Subject: Analysis - Paying Debts Early versus Making Investments

Last-Revised: 14 July 2000
Contributed-By: Gary Snyder, Thomas Price (tprice at engr.msstate.edu), Chris Lott (contact me), John A. Weeks III (john at johnweeks.com)

This article analyzes the question of whether you should apply any extra cash you might have lying around to making extra payments on a debt, or whether you should instead leave the debt on its regular payment schedule and invest the cash instead. An equivalent question is whether you should cash out an existing investment to pay down debt, or just let it ride. We'll focus on the example of a first mortgage on a house, but the analysis works (with some changes) for a car loan, credit-card debt, etc.

Before we compare debts with investments, it's important to frame the debate. A bit of financial planning is appropriate here; there are several articles in the FAQ about that. To start with, an individual should have an emergency fund of 3-6 months of living expenses. Emergency funds need to be readily available (when was the last emergency that you could plan for), like in a bank, credit union, or maybe a money market fund. And most people would not consider these investments. So the first thing to do with cash is arguably to establish this sort of rainy-day fund. If you have to cash out a stock to get this fund, that's ok; remember, emergencies rarely happen at market tops.

Before we run numbers, I'd like to point out two important issues here. The most important issue to remember is risk. Making early payments to a loan exposes you to relatively few risks (once the loan is paid, it stays paid), but two notable risks are liquidity and opportunity. The liquidity risk is that you might not have cash when you need it (but see above for the mitigation strategy of a rainy-day fund). The opportunity risk is the possibility that a better opportunity might present itself and you would be unable to take advantage of it since you gave the bank your extra cash. And when you invest money, you generally expose yourself to market risk (the investment's price might fall) as well as other risks that might cause you to lose money. Of course the other important issue (you probably guessed) is taxes. The interest paid on home mortgages is deductable, so that acts to reduce the cost of the loan below the official interest rate on the loan. Not true for credit-card debt, etc. Also, monies earned from an investment are taxed, so that acts to reduce the return on the investment.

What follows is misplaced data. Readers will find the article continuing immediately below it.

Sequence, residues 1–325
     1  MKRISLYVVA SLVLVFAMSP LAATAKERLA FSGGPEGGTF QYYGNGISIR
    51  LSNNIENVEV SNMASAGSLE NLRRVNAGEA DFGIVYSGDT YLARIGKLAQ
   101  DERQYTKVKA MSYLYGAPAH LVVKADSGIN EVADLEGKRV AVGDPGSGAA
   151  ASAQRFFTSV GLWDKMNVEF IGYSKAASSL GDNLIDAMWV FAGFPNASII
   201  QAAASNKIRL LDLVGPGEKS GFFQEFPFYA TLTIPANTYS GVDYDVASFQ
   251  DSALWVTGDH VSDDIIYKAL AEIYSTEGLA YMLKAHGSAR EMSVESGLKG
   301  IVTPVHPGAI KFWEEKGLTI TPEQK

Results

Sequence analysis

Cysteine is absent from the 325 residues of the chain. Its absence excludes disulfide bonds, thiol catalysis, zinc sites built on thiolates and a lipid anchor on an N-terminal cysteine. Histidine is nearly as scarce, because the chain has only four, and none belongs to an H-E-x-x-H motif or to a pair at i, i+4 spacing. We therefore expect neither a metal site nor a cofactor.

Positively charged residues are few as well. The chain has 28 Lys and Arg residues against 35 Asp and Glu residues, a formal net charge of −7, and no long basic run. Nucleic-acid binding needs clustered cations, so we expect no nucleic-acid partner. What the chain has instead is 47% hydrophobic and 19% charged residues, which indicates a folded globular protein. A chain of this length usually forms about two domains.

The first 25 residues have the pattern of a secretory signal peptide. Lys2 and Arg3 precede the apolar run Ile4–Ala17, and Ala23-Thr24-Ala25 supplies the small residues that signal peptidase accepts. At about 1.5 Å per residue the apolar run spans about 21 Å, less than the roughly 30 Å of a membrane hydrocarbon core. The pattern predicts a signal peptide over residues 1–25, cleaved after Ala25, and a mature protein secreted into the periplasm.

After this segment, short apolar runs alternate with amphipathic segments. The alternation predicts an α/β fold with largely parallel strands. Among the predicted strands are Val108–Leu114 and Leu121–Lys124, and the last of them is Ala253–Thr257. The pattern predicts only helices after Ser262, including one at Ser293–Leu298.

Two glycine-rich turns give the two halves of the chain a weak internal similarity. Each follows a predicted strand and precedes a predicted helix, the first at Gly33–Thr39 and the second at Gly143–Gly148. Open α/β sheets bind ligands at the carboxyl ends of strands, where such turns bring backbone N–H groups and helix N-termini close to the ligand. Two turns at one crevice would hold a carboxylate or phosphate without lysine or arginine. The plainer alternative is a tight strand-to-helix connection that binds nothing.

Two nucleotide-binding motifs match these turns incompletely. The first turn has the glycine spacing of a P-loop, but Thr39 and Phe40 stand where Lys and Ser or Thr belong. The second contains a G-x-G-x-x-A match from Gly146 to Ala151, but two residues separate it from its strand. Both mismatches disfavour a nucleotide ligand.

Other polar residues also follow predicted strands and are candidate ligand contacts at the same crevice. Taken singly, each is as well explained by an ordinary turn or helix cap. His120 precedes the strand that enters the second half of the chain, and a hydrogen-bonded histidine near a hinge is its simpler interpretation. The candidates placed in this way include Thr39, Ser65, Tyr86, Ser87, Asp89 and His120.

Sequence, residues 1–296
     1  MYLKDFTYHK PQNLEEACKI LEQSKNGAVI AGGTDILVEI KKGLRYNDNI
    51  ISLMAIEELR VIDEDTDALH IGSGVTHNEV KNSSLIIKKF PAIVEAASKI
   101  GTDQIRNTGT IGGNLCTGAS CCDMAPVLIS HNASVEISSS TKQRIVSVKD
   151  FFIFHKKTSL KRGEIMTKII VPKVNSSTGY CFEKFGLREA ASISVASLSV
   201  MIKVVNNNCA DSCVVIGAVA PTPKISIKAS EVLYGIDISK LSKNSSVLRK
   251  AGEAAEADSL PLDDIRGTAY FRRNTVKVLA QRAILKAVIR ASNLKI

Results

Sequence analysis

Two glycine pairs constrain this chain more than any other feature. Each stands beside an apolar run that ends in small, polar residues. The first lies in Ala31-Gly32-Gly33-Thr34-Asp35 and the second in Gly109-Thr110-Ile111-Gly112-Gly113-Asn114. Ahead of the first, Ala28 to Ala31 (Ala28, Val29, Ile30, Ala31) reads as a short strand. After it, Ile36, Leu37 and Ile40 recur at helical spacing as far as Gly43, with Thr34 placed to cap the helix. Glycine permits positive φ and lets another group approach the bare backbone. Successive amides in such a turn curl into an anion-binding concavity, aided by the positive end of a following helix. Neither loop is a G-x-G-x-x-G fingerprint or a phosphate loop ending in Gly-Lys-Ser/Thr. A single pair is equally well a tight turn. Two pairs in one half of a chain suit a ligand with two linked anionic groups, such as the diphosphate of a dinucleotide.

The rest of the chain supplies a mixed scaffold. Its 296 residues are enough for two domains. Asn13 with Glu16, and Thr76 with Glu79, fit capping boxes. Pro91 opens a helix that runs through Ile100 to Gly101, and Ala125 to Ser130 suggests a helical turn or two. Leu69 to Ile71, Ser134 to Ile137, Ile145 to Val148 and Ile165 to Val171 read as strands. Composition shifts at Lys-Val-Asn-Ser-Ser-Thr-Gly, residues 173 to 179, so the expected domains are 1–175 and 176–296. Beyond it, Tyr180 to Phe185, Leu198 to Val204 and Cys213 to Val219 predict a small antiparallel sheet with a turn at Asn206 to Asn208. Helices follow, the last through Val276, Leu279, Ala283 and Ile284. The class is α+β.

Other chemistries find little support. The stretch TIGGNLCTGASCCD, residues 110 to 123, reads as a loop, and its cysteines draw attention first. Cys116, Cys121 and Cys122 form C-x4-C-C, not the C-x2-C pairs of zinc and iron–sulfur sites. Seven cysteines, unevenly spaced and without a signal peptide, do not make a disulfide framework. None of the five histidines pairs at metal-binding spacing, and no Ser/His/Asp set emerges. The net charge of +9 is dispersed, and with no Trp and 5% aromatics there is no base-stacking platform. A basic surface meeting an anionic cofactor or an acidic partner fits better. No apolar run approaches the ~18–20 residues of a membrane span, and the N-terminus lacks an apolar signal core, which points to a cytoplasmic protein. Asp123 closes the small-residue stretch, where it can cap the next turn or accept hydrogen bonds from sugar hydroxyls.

One more caveat. If you simply cannot save; i.e., you would cash out the investments darned quick, then paying down debt may be a good choice! And owning a home gives you a place to live, especially if you plan to live in it on a modest income.

Finally, all you can do in advance is estimate, guess, and hope. No one will never know the answer to "what is best" until long after it is too late to take that best course of action. You have to take your shot today, and see where it lands tomorrow.

Now we'll run some numbers. If you have debt as well as cash that you will invest, then maintaining the debt (instead of paying it) costs you whatever the interest rate on the loan is minus whatever you make from the investment. So to justify your choice of investing the cash, basically you're trying to determine whether you can achieve a return on your investment that is better than the interest rate on the debt. For example, you might have a mortgage that has an after-tax rate of 6%, but you find a very safe investment with a guaranteed, after-tax return of 9% (I should be so lucky). In this case, you almost certainly should invest the money. But the analysis is never this easy -- it invariably depends on knowing what the investments will yield in the future.